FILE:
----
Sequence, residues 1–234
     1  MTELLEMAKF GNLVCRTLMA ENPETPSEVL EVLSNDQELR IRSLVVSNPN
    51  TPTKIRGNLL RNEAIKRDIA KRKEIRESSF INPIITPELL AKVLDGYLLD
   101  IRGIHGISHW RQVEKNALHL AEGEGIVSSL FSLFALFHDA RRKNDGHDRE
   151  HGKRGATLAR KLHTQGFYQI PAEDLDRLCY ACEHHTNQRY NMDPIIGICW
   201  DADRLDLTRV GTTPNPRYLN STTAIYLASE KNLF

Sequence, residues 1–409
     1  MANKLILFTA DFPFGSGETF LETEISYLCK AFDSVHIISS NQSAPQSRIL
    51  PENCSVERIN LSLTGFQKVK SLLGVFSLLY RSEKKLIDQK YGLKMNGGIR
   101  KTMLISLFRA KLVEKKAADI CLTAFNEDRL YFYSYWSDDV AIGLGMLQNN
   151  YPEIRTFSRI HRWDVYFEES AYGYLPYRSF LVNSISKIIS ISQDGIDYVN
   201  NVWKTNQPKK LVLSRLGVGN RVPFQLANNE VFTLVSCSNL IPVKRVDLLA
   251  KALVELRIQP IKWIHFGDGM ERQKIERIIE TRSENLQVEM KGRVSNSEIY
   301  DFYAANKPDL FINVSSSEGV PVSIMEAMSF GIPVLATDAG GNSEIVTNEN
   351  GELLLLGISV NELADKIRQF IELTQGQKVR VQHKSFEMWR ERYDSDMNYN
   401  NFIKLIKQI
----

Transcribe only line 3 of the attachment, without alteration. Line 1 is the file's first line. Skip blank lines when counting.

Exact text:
    51  TPTKIRGNLL RNEAIKRDIA KRKEIRESSF INPIITPELL AKVLDGYLLD